Creative enterprises often rely on informal funding and believe financiers do not understand their business fully, new research finds.

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Ambitions for growth among creative businesses are being held back by a lack of financing opportunities, new research finds.

According to research commissioned by the Creative Industries Council (CIC), creative organisations are hungry for different types of finance, but remain more dependent than the average small- or medium-sized enterprise (SME) on informal finance from family and friends.

The Access to Finance report is billed as the first time the finance needs of creative SMEs have been “contextualised and benchmarked in the wider SME community”.

“This report confirms what experience has taught those of us working day to day in support of creative business across the country – that businesses in our sector are undercapitalised,” commented Caroline Norbury, Chief Executive of Creative England and Chair of the Finance for Growth Group at CIC.

“Perhaps most powerfully, it demonstrates that creative businesses have something that no amount of support services can seek to instil – ambition.”

Finance gaps

Conducted by consultancy BDRC and supported by Creative England, the research aimed to provide new evidence relating to the challenges and opportunities that face creative businesses as they look to grow and develop their business. It benchmarked the views of the creative sector against the SME Financial Monitor, which interviews 18,000 SMEs each year for their opinions about access to finance.

It revealed that when creative businesses do receive finance, it’s often insufficient for their needs. Also, the amount required to achieve their growth ambitions may be undervalued. This has led to a belief that financiers fail to fully understand the nature of their businesses.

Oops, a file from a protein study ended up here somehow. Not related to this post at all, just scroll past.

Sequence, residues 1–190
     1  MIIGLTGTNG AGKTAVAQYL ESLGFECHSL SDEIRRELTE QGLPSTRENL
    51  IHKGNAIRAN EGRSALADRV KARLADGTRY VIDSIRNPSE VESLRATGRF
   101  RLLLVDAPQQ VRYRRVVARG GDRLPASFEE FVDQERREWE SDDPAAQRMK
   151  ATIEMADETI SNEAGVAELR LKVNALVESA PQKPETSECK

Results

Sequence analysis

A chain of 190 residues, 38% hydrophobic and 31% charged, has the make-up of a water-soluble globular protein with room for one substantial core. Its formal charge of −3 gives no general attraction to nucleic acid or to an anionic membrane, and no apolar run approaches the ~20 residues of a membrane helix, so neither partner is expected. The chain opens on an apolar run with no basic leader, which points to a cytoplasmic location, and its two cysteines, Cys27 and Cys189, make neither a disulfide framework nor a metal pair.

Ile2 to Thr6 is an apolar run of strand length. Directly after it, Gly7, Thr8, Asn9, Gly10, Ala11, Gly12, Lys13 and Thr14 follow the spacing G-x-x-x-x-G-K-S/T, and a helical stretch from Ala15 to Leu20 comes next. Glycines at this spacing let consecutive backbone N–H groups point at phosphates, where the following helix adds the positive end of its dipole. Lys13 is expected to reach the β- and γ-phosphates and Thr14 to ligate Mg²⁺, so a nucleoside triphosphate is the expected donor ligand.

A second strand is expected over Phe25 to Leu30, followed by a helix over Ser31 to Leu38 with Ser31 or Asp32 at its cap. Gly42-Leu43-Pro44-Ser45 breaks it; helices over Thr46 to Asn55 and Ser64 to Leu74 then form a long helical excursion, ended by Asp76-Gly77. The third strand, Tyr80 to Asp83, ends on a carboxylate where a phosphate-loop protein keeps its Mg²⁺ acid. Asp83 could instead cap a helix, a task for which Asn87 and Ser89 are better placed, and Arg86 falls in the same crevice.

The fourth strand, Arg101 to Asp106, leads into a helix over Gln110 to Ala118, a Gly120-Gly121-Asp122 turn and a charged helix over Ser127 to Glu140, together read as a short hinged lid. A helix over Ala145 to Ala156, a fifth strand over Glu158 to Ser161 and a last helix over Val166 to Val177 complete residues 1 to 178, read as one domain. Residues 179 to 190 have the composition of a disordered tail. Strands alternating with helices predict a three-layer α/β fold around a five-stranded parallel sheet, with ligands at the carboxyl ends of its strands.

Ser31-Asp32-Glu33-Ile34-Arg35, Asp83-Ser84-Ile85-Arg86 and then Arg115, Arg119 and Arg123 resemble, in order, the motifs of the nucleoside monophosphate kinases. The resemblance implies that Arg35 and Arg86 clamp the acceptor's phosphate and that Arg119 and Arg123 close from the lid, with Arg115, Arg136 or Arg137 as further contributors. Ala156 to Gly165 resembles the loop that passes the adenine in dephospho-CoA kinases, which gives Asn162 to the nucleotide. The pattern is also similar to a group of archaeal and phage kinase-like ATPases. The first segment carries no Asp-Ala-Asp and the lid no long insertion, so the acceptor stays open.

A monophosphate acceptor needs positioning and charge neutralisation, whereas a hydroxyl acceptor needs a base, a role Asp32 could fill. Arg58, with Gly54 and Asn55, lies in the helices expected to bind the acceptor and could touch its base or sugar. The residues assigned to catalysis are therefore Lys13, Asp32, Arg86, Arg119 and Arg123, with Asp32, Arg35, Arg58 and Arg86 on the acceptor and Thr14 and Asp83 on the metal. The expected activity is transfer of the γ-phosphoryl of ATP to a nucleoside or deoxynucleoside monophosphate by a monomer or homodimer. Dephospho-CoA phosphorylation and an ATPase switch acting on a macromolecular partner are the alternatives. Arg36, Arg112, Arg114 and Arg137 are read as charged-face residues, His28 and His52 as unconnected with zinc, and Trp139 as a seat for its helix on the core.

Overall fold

Given creative businesses’ reliance on informal sources of funding, the report raises questions about the impact of this on opportunities for individuals who have no personal wealth or contacts willing to invest funds.

Other findings include:

  • 73% of creative SMEs expected to grow in the next 12 months, compared to 53% of SMEs as a whole
  • Creative businesses had higher appetite for finance, but lower confidence that they will be successful than the average SME
  • 27% of creative businesses rely on an informal source of funding, compared to 9% of businesses generally
  • 80% of creative businesses delivered ‘innovation’ in the past 3 years, compared to 46% of SMEs overall.

More research is needed, say the authors, into creative businesses’ relationships with venture capital and angel investors; the structures creative SMEs have in place for international work; and the productivity profile of creative businesses compared to SMEs more generally.

Norbury added: “Industry, government and the financial sector need to work together better to make sure those ambitious businesses have the right skills to attract the right investment to support their ambitions for growth, and in doing so the UK’s ambitions for growth in creative clusters up and down the UK."



This is a great article and I strongly agree that financiers fail to fully understand and this even extends to local government and any partners that are needed for big scale projects. In my experience even the 'social investment' schemes have board members who do not understand the business model arts and cultural organisations are based on. Culminating; as you say; to lack of investment or a watered down financial solution.